NEW YORK, NEW YORK, A HELL OF A TOWN: The Dark Tower and Good Time


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Warning: SPOILERS
The Dark Tower is proof of an observation I’ve made of Hollywood at its worst. They take a filmmaker, often foreign, who has gained attention, often with a body of impressive work. Then, as punishment for this sin, they bring the filmmaker to the U.S. and give him any old crap to film.
The filmmaker referenced here is Denmark’s Nicolaj Arcel, who has either written or directed, or both, such noteworthy fare as the original The Girl with the Dragon Tattoo, A Royal Affair, and the Department Q trilogy.
The crap he’s been entrusted with has already been mentioned.
All right, that’s not exactly accurate. The Dark Tower is not crap. It’s not really anything. It’s just kind of there…like limbo. Continue reading

MINORITY REPORT: Dear White People, The Way He Looks and the “other” in movies


First, a word from our sponsors. Ever wonder what a reader for a contest or agency thinks when he reads your screenplay? Check out my new e-book published on Amazon: Rantings and Ravings of a Screenplay Reader, including my series of essays, What I Learned Reading for Contests This Year, and my film reviews of 2013. Only $2.99. http://ow.ly/xN31r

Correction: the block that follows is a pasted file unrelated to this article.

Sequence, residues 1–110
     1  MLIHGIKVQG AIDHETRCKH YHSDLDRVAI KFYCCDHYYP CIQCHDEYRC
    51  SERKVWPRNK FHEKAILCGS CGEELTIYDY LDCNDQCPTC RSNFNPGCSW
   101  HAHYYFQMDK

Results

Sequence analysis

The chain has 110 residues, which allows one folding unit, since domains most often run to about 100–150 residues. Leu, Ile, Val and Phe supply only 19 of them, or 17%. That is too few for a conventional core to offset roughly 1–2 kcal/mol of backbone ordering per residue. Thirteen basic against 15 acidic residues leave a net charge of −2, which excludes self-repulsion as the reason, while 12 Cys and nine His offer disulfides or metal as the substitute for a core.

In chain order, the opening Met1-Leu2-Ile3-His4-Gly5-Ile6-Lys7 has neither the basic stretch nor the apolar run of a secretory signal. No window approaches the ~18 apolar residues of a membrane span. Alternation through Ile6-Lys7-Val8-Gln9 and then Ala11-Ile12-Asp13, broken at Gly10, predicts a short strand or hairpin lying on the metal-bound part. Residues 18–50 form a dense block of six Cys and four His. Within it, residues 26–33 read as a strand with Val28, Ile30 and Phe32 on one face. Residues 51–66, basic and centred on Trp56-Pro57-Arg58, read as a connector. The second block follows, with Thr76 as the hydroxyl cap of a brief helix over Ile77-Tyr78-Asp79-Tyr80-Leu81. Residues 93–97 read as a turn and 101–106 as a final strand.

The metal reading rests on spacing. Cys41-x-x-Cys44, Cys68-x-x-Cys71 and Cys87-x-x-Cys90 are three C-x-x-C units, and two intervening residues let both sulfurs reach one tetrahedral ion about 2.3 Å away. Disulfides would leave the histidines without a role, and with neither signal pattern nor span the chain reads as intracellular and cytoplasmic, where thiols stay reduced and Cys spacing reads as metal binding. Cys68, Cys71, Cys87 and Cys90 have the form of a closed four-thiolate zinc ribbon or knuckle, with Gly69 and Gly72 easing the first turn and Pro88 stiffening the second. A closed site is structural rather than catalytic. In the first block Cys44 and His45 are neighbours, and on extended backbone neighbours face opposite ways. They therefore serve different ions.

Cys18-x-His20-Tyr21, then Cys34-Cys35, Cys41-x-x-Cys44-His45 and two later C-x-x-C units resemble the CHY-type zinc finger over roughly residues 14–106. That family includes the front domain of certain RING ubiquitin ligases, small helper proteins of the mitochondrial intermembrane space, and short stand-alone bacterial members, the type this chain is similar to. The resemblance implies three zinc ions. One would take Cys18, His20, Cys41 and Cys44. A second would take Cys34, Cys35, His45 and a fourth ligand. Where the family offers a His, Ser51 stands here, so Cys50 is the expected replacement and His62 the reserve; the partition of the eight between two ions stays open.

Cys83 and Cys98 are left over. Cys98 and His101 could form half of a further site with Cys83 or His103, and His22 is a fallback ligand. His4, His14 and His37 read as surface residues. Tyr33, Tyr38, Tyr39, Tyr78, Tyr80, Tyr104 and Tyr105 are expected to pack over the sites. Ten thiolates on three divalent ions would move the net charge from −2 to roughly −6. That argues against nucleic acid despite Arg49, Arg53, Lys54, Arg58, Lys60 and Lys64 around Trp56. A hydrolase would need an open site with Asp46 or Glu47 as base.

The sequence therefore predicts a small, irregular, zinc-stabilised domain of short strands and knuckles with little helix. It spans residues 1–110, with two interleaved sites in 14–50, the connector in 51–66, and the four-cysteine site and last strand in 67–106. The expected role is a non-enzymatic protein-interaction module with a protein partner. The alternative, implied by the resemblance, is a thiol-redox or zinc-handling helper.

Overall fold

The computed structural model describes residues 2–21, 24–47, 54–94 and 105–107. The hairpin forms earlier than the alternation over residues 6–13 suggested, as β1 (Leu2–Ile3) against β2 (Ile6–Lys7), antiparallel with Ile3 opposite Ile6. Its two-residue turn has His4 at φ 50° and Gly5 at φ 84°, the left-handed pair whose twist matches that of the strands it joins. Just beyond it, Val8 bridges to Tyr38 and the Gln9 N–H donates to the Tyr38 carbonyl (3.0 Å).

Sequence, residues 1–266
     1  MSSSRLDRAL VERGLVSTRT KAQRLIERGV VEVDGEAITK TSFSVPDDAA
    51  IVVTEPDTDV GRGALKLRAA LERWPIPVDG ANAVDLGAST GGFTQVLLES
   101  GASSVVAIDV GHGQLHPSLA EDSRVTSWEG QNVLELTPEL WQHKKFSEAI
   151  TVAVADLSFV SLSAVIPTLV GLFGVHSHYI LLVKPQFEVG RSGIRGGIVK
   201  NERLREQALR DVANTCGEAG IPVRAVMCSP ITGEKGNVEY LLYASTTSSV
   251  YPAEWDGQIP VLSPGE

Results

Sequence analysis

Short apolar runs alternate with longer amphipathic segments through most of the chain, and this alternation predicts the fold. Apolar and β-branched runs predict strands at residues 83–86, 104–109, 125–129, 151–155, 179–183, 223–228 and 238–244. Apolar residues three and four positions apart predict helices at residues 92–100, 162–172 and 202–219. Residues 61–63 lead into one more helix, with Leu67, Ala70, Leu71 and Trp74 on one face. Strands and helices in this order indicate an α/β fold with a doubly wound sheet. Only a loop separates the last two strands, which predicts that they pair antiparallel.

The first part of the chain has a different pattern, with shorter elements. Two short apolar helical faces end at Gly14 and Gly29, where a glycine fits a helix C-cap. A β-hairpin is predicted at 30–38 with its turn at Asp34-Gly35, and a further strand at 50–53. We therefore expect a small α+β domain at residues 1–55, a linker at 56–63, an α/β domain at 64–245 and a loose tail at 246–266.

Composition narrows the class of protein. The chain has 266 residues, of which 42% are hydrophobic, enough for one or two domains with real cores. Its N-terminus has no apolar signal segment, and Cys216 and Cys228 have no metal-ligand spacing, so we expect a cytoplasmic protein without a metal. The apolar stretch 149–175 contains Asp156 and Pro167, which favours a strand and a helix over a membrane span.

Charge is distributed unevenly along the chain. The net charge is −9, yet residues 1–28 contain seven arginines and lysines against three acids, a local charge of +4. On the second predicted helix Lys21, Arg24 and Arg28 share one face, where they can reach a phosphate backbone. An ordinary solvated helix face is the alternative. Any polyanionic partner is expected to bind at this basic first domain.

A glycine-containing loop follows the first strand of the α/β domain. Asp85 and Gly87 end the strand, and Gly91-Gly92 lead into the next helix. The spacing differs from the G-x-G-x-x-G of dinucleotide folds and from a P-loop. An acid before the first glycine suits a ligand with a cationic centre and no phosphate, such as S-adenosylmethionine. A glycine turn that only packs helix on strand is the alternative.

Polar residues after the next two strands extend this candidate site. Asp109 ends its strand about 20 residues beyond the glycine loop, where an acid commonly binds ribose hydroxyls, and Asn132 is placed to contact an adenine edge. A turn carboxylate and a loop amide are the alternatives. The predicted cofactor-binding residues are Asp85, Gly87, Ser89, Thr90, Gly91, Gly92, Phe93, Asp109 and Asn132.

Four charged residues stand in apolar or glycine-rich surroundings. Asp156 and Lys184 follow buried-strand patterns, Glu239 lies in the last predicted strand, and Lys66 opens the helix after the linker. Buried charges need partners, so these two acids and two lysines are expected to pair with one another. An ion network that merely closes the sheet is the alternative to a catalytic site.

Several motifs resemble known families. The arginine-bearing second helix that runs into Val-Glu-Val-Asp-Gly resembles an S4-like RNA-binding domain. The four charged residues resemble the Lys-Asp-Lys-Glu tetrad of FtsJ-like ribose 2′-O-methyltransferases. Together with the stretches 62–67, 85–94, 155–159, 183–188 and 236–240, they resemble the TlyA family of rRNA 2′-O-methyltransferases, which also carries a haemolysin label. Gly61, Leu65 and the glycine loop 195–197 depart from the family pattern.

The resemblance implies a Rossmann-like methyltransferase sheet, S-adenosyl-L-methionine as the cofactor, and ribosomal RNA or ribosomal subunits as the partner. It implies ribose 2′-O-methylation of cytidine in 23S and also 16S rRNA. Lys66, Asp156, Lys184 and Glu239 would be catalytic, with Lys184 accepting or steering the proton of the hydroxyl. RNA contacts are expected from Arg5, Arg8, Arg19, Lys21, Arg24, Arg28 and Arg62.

Warning: SPOILERS

 

dwp oneThose who make films that appeal to niche markets in some way (by niche, I mean specific audiences of some sort: gay, black, Hispanic, female, etc.) have a good news/bad news issue in moviedom.
The good news is that they have a preset group of people who are inherently more interested in seeing the movie because it is about them and their lives.
The bad news is that they have a preset group of people who are more inherently interested in seeing the movie because it is about them, but it is very difficult to convince anyone outside of that niche to buy tickets because they assume the movie can’t possibly have anything to say to them since it is about the “other” in their lives.
Which is why blockbuster movies often appeal to young straight white males, and many mainstream films that have a niche component, i.e. concerns in some way the other, either have a non-other central character (Cry Freedom, Glory) or if the central character is an other and can’t be gotten around, they surround him with non-other characters (Gandhi, 12 Years a Slave). Continue reading